Isolation and selection of plant growth-promoting rhizobacteria as inducers of systemic resistance in melon
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Backgroud and aims
Powdery mildew elicited by Podosphaera fusca is an important threat to cucurbits. In order to find alternatives to the current use of chemicals, we examined the potential use of plant growth-promoting rhizobacteria (PGPR) for controlling the disease by induction of systemic resistance in the host plant.
A collection of Bacillus and Pseudomonas strains from different origins was studied, including strains isolated from roots of disease-free melon plants obtained from a greenhouse plagued by powdery mildew. The selection of best candidates was based on the evaluation of different traits commonly associated with PGPR, such as antifungal and siderophore production, swimming and swarming motilities, biofilm formation, auxin production and promotion of root development.
Three Bacillus strains, B. subtilis UMAF6614 and UMAF6639 and B. cereus UMAF8564, and two Pseudomonas fluorescens strains, UMAF6031 and UMAF6033, were selected after ranking the strains using a nonparametric statistics test. Applied to melon seedlings, the selected strains were able to promote plant growth, increasing fresh weight up to 30%. Furthermore, these strains provided protection against powdery mildew and also against angular leaf spot caused by Pseudomonas syringae pv. lachrymans, with disease reductions of up to 60%.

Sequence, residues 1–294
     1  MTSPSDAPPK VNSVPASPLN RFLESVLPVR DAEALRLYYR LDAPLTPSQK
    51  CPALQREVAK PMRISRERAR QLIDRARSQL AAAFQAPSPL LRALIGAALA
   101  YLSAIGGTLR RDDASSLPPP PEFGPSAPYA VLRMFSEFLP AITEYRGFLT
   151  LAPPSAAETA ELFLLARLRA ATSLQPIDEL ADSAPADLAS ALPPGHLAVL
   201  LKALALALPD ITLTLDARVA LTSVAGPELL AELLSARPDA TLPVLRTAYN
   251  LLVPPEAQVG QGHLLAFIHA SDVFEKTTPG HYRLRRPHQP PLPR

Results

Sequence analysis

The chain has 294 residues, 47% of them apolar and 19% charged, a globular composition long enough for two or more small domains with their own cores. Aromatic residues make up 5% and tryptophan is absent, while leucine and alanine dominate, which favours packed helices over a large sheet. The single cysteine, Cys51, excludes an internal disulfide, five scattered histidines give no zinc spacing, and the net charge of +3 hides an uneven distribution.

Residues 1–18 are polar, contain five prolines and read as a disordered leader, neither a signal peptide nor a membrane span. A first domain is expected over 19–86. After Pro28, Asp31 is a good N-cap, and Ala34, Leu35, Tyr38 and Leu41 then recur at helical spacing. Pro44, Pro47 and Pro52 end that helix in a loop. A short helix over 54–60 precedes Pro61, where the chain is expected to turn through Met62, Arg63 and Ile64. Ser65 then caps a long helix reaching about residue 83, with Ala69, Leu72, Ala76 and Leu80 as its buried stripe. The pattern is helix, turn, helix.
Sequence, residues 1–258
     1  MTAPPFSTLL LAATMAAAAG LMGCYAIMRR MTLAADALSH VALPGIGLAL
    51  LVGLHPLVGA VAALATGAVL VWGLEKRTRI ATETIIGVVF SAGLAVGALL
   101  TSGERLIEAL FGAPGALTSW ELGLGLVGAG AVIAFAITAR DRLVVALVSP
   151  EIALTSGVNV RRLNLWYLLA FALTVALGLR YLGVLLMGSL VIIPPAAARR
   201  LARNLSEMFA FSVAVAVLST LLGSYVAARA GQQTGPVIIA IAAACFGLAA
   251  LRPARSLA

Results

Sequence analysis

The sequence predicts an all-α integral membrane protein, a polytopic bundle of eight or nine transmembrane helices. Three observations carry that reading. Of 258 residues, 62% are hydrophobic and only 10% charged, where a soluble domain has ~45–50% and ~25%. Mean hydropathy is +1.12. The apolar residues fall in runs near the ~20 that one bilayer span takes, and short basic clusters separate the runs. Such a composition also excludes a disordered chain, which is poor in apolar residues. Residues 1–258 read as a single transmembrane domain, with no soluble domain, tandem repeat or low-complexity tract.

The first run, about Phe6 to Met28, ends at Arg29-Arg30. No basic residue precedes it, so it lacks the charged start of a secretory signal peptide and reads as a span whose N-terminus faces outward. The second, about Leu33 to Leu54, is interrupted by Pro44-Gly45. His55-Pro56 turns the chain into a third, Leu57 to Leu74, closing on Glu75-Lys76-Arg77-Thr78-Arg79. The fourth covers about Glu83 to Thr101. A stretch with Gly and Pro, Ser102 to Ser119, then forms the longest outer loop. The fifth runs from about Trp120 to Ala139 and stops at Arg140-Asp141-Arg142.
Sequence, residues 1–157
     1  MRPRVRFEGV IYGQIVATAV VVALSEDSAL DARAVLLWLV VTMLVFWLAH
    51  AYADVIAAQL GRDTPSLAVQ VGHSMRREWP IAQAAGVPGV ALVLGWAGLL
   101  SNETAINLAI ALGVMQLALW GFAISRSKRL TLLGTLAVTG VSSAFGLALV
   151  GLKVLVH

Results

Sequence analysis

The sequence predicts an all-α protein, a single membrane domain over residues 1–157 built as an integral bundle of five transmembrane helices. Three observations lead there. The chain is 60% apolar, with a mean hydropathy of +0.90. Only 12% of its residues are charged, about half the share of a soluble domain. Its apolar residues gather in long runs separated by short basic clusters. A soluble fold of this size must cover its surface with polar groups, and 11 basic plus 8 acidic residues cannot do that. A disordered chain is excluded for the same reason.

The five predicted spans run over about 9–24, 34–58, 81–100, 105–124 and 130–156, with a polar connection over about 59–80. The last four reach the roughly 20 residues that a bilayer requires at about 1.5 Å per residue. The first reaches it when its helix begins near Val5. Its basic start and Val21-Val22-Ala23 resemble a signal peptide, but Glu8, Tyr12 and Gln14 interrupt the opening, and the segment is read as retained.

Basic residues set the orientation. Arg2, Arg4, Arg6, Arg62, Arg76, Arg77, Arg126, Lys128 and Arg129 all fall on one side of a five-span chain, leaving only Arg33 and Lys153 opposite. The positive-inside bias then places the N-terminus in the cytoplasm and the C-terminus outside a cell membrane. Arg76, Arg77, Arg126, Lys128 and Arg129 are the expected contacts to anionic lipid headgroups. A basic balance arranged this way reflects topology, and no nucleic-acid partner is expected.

These results suggest that the use of ISR-promoting PGPR could be a promising strategy for the integrated control of cucurbit powdery mildew and other cucurbit diseases.
KeywordsBacillus cereus Bacillus subtilis Biological control Induced systemic resistance (ISR) Podosphaera fusca Powdery mildews Pseudomonas fluorescens
This study was supported by grants from Plan Nacional de I+D+I of the Ministerio de Ciencia e Innovación, Spain (AGL2007-65340-C02-01 and AGL2010-21848-C02-01), cofinanced by FEDER funds (European Union).
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